Drexel University Initiative Helps Families in Poverty Break Barriers to Savings and Employment

March 21, 2018

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Building Wealth & Health Network Logo. "My Power. My Money."Engaging and improving the surrounding community is an important responsibility of higher education institutions, as Drexel University has long recognized.

One way Drexel does that is through the Building Wealth and Health Network, a program run by the Center for Hunger-Free Communities that helps families on welfare develop financial empowerment and build savings, while addressing the traumas that accompany poverty. Founded by Drexel University professor and expert on hunger Mariana Chilton, the Network serves caregivers of young children, mostly women, who receive Temporary Assistance for Needy Families (TANF).

According to a January report co-authored by Chilton, the TANF program has experienced little success in engendering self-sufficiency. Those who receive government assistance tend to need it for the long haul.

The creators of the Building Wealth and Health Network believe that addressing issues such as exposure to violence, neglect and hunger, and toxic stress, which are barriers to good health and employability, is necessary to success. That is why the Network takes a two-pronged approach, simultaneously providing financial education and a support network to address trauma.

The program includes five components:

  • Financial SELF Empowerment Curriculum—Three-hour classes that teach participants about topics such as credit reports and financial reputation, understanding bank services and financial systems, how to stay employed, and starting a business. The curriculum also includes peer support groups, which take a trauma-informed approach to help participants deal with challenges at home and at work.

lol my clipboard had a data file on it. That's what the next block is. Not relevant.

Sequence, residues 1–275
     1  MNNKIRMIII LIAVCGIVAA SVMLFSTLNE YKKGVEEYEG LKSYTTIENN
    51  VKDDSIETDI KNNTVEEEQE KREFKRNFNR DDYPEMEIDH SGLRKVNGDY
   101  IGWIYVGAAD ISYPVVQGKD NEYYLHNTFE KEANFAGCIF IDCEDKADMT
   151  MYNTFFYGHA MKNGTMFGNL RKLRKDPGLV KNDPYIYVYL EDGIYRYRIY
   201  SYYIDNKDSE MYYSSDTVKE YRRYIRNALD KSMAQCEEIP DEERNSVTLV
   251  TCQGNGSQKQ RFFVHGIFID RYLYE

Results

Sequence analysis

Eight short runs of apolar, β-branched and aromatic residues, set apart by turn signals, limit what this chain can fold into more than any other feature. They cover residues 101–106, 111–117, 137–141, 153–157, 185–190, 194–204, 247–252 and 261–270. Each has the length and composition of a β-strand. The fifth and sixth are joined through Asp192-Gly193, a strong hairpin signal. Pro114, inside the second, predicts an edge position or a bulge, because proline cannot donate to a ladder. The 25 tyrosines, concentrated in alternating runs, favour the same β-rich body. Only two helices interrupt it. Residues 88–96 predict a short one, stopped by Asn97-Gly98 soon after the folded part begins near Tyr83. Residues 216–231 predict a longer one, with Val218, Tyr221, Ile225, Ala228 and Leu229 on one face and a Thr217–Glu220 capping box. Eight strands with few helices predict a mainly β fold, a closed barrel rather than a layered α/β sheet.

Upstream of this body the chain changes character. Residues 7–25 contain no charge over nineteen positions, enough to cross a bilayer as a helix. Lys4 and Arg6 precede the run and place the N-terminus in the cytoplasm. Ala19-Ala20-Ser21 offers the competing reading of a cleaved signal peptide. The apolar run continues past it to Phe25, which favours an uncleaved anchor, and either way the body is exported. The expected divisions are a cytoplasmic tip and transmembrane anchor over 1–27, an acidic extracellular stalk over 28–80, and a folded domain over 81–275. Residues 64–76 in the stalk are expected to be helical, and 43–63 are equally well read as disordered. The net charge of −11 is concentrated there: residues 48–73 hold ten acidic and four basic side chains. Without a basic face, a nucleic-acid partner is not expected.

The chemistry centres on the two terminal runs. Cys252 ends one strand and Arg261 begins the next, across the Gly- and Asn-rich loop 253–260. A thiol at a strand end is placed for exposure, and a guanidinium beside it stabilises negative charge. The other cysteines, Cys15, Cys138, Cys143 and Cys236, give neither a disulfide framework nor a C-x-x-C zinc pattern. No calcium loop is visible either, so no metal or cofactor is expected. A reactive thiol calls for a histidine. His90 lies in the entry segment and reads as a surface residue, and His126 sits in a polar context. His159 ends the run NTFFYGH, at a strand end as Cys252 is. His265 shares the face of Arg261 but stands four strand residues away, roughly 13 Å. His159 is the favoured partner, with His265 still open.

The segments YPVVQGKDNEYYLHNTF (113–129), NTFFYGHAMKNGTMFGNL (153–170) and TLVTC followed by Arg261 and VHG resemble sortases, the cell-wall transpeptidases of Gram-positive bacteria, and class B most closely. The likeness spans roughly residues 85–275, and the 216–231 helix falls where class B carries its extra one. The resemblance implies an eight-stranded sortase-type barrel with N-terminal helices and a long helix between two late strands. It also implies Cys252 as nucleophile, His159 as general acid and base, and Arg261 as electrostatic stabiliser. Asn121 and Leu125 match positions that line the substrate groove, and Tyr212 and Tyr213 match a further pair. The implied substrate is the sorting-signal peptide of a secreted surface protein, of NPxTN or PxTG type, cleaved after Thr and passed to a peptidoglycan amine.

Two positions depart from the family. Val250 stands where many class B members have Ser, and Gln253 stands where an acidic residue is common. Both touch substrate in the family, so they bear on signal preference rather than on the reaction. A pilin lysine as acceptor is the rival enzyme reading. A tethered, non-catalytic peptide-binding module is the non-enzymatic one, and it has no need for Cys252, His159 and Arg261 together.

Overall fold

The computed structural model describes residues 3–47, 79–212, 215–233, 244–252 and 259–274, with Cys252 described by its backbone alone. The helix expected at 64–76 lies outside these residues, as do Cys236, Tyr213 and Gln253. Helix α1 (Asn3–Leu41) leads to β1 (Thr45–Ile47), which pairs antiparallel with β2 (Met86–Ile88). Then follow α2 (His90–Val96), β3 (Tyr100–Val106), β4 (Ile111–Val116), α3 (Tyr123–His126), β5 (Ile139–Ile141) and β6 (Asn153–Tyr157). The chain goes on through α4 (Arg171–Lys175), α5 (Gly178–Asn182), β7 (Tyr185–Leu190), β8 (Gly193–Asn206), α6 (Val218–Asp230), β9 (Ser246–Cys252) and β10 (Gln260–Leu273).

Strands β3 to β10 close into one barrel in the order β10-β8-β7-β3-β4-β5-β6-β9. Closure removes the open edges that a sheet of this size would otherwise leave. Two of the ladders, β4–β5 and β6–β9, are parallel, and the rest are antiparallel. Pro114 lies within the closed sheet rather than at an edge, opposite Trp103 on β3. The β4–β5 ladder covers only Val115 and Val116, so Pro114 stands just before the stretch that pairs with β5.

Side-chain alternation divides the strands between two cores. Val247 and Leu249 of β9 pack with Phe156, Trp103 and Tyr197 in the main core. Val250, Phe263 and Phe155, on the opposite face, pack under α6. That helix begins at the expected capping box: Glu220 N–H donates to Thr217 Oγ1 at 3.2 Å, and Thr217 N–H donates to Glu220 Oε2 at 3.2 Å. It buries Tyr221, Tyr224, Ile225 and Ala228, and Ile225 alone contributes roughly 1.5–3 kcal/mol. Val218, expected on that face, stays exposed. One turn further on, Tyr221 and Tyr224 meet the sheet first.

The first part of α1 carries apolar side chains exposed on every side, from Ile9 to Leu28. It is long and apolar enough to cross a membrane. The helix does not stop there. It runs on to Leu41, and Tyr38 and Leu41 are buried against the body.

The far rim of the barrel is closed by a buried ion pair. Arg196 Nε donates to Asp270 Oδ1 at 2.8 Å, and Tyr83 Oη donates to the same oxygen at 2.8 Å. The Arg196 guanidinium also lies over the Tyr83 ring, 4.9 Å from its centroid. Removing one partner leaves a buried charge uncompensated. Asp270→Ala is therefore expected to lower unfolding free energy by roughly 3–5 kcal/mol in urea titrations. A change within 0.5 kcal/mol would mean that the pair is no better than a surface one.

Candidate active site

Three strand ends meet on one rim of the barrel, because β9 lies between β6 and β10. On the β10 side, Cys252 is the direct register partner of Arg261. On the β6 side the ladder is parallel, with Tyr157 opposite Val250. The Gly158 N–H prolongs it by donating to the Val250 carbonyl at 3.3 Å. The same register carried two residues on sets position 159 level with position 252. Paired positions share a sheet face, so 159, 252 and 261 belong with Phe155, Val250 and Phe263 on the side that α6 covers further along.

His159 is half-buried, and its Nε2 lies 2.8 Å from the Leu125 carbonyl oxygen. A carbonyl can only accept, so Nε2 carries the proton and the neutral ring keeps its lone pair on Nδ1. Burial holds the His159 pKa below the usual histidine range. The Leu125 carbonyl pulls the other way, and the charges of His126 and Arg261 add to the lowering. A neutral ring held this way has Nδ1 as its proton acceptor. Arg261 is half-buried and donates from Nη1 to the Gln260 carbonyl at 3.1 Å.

• Matched Savings—Participants open a savings account with a federal credit union with a $15 deposit provided by the network. After that, the Network matches each participant’s deposits dollar-for-dollar up to $20 per month.
  • Individualized Financial Coaching—Participants receive personalized help from coaches on issues ranging from interpreting financial mail to pursuing entrepreneurship ideas.
  • Social Work Referral—Participants can request individual sessions with the Center’s social worker, who can address or provide referrals for issues such as intimate partner violence, mental health, and housing concerns.
  • Network Advisory Council and Ongoing Evaluation—Participants who complete the program can serve a one-year term on the advisory council to give feedback and guidance. Members of the council receive an honorarium.

According to Chilton’s report, many of the participants who received both the financial education and trauma support experienced improvement in their self-efficacy, depressive symptoms, and financial situation. They were able to work towards goals such as paying off debts and even becoming entrepreneurs.

One group of women has set its sights on opening a bank specifically for people of limited means. Thanks to their financial literacy classes and ongoing support, they have the knowledge and now just need an investor.

Overall, the Building Wealth and Health Network is doing truly good work to break the cycle of poverty by addressing underlying issues to achieve long-term success.

—Carly O’Connell

At a Glance

ACE Member Institution: Drexel University

Initiative: Building Wealth and Health Network

Goal: Break the cycle of poverty by teaching financial empowerment to caregivers who are low-income and helping them build savings, and addressing traumas that accompany poverty.

Become a member: As a member of ACE, you join nearly 1,800 organizations that collectively promote, protect and advocate for students, faculty and administrators in higher education. ACE is the most visible and influential higher education association in the nation, and we are at the center of federal policy debates concerning legislation that affects campuses across the country. See more on the ACE website.

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